End of life of PV modules

Waste from end-of-life solar panels presents opportunities to recover valuable materials and create jobs through recycling. According to the International Renewable Energy Agency, by 2030, the cumulative value of recoverable raw materials from end-of-life panels globally will be about $450 million, which is equivalent to the cost of raw materials currently needed to produce about 60 million new panels.

Lifecycle of photovoltaic modules

A PV module is the electronic product with the longest lifetime guarantee, unlike the products with “planned obsolescence” (laptops, mobile phones, TVs etc.). Currently Futurasun offers a 15-year guarantee against defects and a 25- and 30-year power guarantee of output (depending on technology). But these values, deriving from accelerated stress tests, are extremely conservative. There are photovoltaic plants, even installed in EU research centres, such as the JRC in Ispra, that have been in operation for 40 years. So, considering that the PV technology has improved enormously in the meantime, there is no reason to consider that the real lifetime of a PV module is less than 40 years. Ensuring a long product life is as essential as recycling the product.

FuturaSun is specialized in crystalline-silicon solar technology, mostly n-type, which represents most of the solar panel market share. This type of panel is constructed with an aluminium frame, glass, copper wire, polymer layers and a backsheet, silicon solar cells, and a plastic junction box. Once separated, these materials are more than 90% recyclable and can be used to make new modules or other products.

Just as an example, for the production of the Silk® Nova Duetto PV module (144 half-cut cells), FuturaSun uses components according to the following composition:

Composition of photovoltaic modules

FuturaSun is specialized in crystalline-silicon solar technology, mostly n-type, which represents most of the solar panel market share. This type of panel is constructed with an aluminium frame, glass, copper wire, polymer layers and a backsheet, silicon solar cells, and a plastic junction box. Once separated, these materials are more than 90% recyclable and can be used to make new modules or other products.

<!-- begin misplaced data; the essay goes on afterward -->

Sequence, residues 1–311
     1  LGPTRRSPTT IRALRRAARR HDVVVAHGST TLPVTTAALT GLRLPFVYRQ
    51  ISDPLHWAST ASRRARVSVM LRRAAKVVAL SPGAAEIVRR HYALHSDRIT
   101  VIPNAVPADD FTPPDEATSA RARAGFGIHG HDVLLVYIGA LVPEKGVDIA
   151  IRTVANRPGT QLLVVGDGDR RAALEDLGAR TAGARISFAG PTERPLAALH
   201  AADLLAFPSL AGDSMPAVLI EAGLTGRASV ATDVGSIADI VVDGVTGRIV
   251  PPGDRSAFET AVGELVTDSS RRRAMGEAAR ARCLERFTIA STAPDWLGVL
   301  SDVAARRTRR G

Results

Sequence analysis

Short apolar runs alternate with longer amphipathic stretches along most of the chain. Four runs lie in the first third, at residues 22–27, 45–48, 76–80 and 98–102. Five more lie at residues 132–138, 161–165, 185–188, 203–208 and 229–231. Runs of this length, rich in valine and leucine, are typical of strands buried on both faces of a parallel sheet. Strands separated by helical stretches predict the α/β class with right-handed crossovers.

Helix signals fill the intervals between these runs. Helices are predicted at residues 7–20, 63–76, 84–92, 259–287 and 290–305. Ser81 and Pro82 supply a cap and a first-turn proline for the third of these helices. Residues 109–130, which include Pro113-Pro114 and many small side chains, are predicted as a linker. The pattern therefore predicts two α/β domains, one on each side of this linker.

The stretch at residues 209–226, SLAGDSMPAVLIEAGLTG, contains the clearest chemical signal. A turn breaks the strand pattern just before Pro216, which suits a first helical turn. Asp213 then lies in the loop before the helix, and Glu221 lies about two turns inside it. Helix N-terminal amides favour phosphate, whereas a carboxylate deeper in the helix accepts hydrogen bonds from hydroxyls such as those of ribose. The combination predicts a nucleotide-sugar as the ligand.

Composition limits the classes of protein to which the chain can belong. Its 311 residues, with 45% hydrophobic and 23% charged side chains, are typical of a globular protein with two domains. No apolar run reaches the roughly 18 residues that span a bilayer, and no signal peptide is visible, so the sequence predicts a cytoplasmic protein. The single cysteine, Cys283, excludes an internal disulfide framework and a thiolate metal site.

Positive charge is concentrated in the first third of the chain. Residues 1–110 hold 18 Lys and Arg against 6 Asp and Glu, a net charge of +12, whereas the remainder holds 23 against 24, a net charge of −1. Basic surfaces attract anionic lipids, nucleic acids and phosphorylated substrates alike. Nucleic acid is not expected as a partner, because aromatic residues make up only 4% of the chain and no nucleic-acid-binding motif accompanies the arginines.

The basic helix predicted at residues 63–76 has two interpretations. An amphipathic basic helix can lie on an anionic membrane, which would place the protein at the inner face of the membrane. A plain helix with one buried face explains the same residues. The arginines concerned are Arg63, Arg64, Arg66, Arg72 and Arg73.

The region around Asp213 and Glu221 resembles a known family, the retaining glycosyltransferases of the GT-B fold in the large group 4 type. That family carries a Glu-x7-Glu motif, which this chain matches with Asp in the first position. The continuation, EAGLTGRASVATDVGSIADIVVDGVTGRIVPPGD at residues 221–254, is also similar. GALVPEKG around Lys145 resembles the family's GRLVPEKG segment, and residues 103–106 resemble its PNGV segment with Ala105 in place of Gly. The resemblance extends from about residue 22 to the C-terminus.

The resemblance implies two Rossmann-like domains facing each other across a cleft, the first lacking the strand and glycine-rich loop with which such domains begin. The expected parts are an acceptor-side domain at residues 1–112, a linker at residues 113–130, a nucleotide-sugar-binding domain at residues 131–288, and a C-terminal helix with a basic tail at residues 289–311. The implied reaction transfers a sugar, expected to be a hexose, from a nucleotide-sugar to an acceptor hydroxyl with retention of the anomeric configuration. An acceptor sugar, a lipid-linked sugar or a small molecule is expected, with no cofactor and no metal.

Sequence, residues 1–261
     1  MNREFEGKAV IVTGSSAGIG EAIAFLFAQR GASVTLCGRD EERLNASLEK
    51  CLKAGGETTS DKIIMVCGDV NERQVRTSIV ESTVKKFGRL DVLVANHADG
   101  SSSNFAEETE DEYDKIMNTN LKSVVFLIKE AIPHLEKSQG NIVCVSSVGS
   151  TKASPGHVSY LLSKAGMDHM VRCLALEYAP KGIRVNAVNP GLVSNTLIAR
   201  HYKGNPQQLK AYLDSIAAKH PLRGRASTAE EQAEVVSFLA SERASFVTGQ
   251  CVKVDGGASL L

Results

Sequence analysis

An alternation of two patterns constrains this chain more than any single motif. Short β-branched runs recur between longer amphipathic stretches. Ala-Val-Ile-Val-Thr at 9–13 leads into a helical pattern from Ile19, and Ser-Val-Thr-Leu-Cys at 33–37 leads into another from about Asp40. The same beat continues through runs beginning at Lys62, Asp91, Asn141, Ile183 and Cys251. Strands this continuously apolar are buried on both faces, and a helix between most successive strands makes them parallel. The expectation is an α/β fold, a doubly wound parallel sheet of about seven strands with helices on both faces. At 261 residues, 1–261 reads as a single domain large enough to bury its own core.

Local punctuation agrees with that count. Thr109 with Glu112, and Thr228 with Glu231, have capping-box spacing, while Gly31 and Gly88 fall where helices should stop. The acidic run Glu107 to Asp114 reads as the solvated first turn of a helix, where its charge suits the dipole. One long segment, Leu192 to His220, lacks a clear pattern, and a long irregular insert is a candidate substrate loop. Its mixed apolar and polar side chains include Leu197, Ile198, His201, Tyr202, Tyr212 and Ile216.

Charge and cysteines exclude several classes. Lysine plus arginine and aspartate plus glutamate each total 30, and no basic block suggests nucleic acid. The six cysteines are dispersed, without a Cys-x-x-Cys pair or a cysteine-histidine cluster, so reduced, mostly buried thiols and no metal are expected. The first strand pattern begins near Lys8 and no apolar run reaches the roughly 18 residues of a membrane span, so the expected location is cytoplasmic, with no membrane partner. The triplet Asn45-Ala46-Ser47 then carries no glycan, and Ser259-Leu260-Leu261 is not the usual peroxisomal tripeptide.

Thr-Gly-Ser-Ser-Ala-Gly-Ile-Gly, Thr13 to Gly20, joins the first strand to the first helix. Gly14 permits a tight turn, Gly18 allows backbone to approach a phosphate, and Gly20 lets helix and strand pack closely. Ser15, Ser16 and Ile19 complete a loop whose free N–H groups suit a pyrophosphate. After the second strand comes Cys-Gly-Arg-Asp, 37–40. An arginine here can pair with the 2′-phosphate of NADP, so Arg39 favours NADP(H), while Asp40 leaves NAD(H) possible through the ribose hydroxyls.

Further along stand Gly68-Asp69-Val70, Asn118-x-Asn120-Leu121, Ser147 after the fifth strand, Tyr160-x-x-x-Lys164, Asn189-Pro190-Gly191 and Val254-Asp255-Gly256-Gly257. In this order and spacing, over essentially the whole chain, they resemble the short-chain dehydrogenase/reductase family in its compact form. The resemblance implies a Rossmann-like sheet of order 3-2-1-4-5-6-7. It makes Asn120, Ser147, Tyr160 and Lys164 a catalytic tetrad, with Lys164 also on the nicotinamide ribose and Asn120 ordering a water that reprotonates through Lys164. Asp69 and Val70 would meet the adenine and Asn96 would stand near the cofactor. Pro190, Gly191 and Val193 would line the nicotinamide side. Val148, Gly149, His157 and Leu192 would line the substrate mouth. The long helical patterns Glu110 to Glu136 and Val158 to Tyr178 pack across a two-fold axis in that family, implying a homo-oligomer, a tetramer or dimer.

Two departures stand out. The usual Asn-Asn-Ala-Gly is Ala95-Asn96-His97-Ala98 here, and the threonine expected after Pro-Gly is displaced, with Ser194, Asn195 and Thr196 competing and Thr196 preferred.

Just as an example, for the production of the Silk® Nova Duetto PV module (144 half-cut cells), FuturaSun uses components according to the following composition:

So, 80% of the module is made of glass and 9% of the module is aluminium which are 100% recyclable materials. The other materials can be recycled too, arriving at over 90% of recyclability of the module according to the PV Cycle (the institution in charge for recycling of PV modules in Italy) and ENEA (Fiandra, Sannino “Analysis report on photovoltaic waste as a source of valuable material” RT/2023/5/ENEA).

Recycling process

There are different methods to recycle solar panels, which can include some or all of the following three steps:

  1. Removal of the frame and junction box;
  2. Separation of the glass and the silicon wafer through thermal, mechanical or chemical processes; and/or
  3. Separation and purification of the silicon cells and specialty metals (e.g., silver, tin, lead, copper) through chemical and electrical techniques.

Recycling is already established in the glass, metals, and electronics industries, which can accommodate solar panels and other solar power system components. These processes typically involve crushing, shredding, and milling, usually after removal of the frame and junction box. The industry is new and still growing, with researchers examining how to commercialize recycling to economically recover most of the components of a solar panel.

PV Cycle

Our company has been in module recycling schemes for more than 10 years. FuturaSun is the leading Italian contributor to PV Cycle Italy (30% of turnover) and a member of PV Cycle Germany – collective systems which handle waste from electrical and electronic equipment, batteries and accumulators, packaging and industrial waste.

PV Cycle was founded in 2007 from a voluntary initiative of some leading European PV module manufacturers, while today the consortium offers its services to companies and waste holders worldwide, offering regulatory compliance and waste management services for producers under the WEEE and Batteries & Accumulators Regulations.

WEEE Directive 2012/19/EU (electronic waste)

(modified by Directive 2018/849)

According to the European legislation, the first importer in the country of installation is responsible for the appropriate WEEE disposal, following the national procedures that each Member State issued in compliance with the Directive.
FuturaSun provides its customers the quotation, order confirmation and invoice, including clarifications in reference to the limits and applications of the WEEE Directive. The Directive provides the collection schemes in which consumers return their electrical and electronic equipment waste free of charge, in order to increase their recycling and/or reuse.

Repairing of PV modules

Before recycling it is important to check whether it is possible to repair a product. Futurasun, in fact, was a major contributor to the drafting of the CEI protocol for repairing PV modules to avoid waste production (CEI Doc. CT 82. Technical Report. Regeneration of photovoltaic modules. Rev. 5/3/21).

Sustainability department

We have a department entirely dedicated to corporate sustainability. If you have any questions, please do not hesitate to contact us at sustainability@futurasun.it